Tokyo Dark Castle
Halloween Special 2008
by Cayce

Ah, Tokyo. Just when you think you’ve seen it all, something new and wonderful pops up and catches you off guard. Not that I pretend to have seen it all, and Tokyo Dark Castle isn’t all that new, either—it’s been running for five years now. But it sure is fantastic—a delicious all-night Goth-gasm sure to turn your darkest dreams darker than darkness. And what better time of the year for Goth celebrations than Halloween? After all, Halloween is when the rest of the world, however briefly, takes some time out to appreciate the beauty in life’s black holes. Halloween has no connection to or roots in Japanese tradition, but nonetheless, at Halloween, Japan (or at least Tokyo) continues to live up to the standard it set in the worlds of cars, computers, robots, comics, rock music, and spongecake. Maybe the Japanese didn’t invent all that stuff in the first place, but they try their hardest to do it as well as the West does it, and maybe even better.

Tokyo Dark Castle is a club event that runs a number of times a year at MARZ, a live house and club in Tokyo. It’s the brainchild of Genet, frontman of AUTO-MOD, Japanese deathrock/batcave/darkwave band extraordinaire, and it features a fairly steady though slowly evolving group of performers, most of whom are regular fixtures in the Tokyo underground music and club scene. What’s particularly striking about the event, however, is the way it blurs cultural and subcultural barriers.

In many ways, visual kei is Japan’s answer to Europe’s goth movement, and in part, this means that there is comparatively little Western-style goth culture in Japan. What Western-style goth culture that does exist is the province of the original generation of batcavers who all went on extended holidays in London back in the 80's at the height of the Bubble economy. Most younger Japanese people I’ve met have never heard of Bauhaus or the Banshees and the only Banshees songs available at Japanese karaoke are "Hong Kong Garden," "Spellbound" and "Dear Prudence"...which isn't even a Banshees song (maybe I’ll talk about how disappointing I find this in another article.) However, there are a good number of Westerners in Tokyo who may have been drawn there by the lure of visual rock but nonetheless hold in their hearts a fondness for Pete, Sioux, Bob, Ian, Andy, Nick, and the rest of the crew.

This Tokyo Dark Castle event in particular featured a performance by Kozi, formerly of Malice Mizer, so naturally the place was packed with homegrown Tokyo visual kids. But there were also all those uprooted gaijin gravers, and plenty of people somewhere in the middle. The end result was a room full of people of all different nationalities, ages, and backgrounds, using all different languages to speak about a surprisingly wide breadth of musical taste. For all that, though, they had one thing in common, besides being at the same event: they were all dressed to kill.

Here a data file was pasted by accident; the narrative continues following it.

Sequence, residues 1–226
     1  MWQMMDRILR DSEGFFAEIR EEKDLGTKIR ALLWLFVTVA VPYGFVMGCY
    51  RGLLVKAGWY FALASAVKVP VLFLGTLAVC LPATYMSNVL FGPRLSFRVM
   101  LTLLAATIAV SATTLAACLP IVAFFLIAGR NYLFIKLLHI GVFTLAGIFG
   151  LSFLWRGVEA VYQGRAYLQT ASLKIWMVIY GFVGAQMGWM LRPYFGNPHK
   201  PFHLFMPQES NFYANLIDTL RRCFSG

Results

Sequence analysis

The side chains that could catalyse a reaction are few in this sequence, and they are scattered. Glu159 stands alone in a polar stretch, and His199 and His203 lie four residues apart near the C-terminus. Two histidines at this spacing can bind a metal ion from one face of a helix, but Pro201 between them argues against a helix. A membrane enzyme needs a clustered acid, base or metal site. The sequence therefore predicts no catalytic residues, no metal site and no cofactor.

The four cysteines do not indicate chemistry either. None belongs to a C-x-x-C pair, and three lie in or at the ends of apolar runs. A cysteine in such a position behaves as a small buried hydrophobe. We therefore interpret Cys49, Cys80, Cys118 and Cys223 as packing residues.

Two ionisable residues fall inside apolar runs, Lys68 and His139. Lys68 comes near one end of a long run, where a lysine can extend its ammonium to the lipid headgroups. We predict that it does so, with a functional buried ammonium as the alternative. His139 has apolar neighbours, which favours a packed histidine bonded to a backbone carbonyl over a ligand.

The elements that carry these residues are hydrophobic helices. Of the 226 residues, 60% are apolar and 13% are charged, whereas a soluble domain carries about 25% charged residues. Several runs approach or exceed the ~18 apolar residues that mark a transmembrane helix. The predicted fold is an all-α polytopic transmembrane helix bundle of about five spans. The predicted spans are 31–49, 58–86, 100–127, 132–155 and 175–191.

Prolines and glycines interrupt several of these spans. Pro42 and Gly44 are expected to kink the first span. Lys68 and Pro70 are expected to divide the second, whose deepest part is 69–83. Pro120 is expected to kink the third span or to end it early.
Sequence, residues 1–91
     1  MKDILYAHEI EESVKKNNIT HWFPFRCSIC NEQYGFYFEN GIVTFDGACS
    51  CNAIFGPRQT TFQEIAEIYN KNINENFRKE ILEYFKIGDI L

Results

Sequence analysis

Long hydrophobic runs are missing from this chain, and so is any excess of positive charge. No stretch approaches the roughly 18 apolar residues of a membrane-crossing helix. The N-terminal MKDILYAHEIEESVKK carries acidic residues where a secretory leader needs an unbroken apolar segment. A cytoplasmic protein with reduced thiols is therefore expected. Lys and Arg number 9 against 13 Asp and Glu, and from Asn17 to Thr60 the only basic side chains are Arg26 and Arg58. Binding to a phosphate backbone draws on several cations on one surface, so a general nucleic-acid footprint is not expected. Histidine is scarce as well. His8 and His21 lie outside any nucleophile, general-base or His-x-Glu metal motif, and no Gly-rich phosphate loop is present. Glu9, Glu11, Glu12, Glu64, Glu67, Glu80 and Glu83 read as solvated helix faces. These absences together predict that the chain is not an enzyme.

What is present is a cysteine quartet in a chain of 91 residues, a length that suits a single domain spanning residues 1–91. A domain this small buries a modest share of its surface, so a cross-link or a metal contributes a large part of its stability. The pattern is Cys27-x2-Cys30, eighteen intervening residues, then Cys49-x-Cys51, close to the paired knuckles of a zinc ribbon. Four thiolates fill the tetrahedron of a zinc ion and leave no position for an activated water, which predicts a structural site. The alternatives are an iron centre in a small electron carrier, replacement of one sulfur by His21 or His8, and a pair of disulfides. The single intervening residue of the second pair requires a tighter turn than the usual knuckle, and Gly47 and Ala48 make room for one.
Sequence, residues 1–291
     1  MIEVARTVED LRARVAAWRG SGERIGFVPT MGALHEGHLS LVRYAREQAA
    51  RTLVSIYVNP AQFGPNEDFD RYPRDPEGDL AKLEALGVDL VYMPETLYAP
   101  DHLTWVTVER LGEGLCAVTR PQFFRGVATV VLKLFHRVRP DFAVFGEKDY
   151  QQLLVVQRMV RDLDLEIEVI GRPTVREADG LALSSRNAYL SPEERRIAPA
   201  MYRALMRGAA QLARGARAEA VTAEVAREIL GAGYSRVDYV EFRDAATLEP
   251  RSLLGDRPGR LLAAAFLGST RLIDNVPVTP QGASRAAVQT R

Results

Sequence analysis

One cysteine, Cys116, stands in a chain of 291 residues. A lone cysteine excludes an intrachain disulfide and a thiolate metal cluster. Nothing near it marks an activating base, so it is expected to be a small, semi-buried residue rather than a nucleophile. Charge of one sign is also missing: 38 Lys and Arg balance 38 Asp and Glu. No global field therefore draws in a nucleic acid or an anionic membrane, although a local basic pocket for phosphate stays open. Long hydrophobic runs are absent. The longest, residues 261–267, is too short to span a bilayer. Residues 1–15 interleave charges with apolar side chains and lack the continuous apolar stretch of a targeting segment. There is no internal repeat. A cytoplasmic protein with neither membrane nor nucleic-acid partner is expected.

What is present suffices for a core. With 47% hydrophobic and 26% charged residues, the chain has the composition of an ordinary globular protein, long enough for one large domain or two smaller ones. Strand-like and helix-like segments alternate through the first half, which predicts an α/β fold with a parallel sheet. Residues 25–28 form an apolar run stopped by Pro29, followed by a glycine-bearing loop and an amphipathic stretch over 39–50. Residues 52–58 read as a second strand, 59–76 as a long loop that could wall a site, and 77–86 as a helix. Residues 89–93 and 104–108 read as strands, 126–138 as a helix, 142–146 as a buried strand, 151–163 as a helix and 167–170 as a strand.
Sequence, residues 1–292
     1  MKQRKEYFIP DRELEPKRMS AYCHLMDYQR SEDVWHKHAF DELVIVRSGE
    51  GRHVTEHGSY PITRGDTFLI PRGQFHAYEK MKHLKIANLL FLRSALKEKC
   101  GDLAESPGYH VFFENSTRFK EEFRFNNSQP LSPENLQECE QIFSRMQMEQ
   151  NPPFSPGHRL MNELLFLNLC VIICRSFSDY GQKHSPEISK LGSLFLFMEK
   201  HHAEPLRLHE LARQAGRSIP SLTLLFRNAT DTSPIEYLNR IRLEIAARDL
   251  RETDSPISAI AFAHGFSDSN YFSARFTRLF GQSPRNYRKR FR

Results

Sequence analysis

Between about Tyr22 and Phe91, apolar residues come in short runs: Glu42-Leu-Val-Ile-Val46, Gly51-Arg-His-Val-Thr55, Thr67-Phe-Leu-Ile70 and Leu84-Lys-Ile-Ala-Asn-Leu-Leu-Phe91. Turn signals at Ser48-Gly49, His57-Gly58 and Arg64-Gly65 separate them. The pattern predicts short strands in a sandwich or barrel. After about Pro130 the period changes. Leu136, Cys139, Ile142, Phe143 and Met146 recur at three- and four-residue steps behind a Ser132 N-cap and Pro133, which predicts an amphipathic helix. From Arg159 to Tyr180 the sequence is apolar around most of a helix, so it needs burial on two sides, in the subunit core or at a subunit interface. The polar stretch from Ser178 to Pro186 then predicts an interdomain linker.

After all, what is Halloween without costumes? Of course, the street fashions are terrific at any time of year in places like Harajuku and Shibuya, but Halloween is still special. What happens when those people who dress to the nines every day pull out all the stops and dress to the elevens, twelves, and fifteens? It means that the innocent bystanders in east Shinjuku on Saturday night are in for a sartorial spectacle the like of which, to my knowledge, cannot be seen in any other city on earth.

This being Halloween, the event proper was preceded by a costume parade, which began at 10:30 in the center of Kabukicho, Shinjuku’s ebulliently decadent red-light district. The parade was free for anyone to attend so long as they adhered to the strict goth dress code; however, I was at a loss to see how the dress code could have been enforced. Once about a hundred people had gathered, everyone set off into the crowded Shinjuku streets and it was impossible to tell who was marching and who was just enjoying the show. Genet himself led the way in his full corpse makeup and skeleton-patterned leather jacket. He was accompanied by a man in similarly stupendous attire holding a boombox on one shoulder, blasting industrial into the night and urging everyone to dance as they marched. As the parade swept down the street, the passersby stopped, stared, and gaped in open admiration of the costumes.

The costumes! No one was dressed up “as” anyone in particular—they were just expressing their own individual styles to the utmost. Standing on towering heeled boots laced up to the knee, they danced past with trailing petticoats, waists tightened in elaborately boned corsets, wearing jackets covered with lace and metal accents. They wore veiled hats topped with gardens of black-silk roses, or had simply augmented their hair with sausage-curled wigs or extensions made of foam, tubing, and neon fiber in every possible color. Their faces were powdered to a ghostly white, their foreheads and cheeks adorned with tiny jewels or sigils done in black eyeliner, their eyes framed with spangled false lashes and tinted to unnatural hues with colored contacts.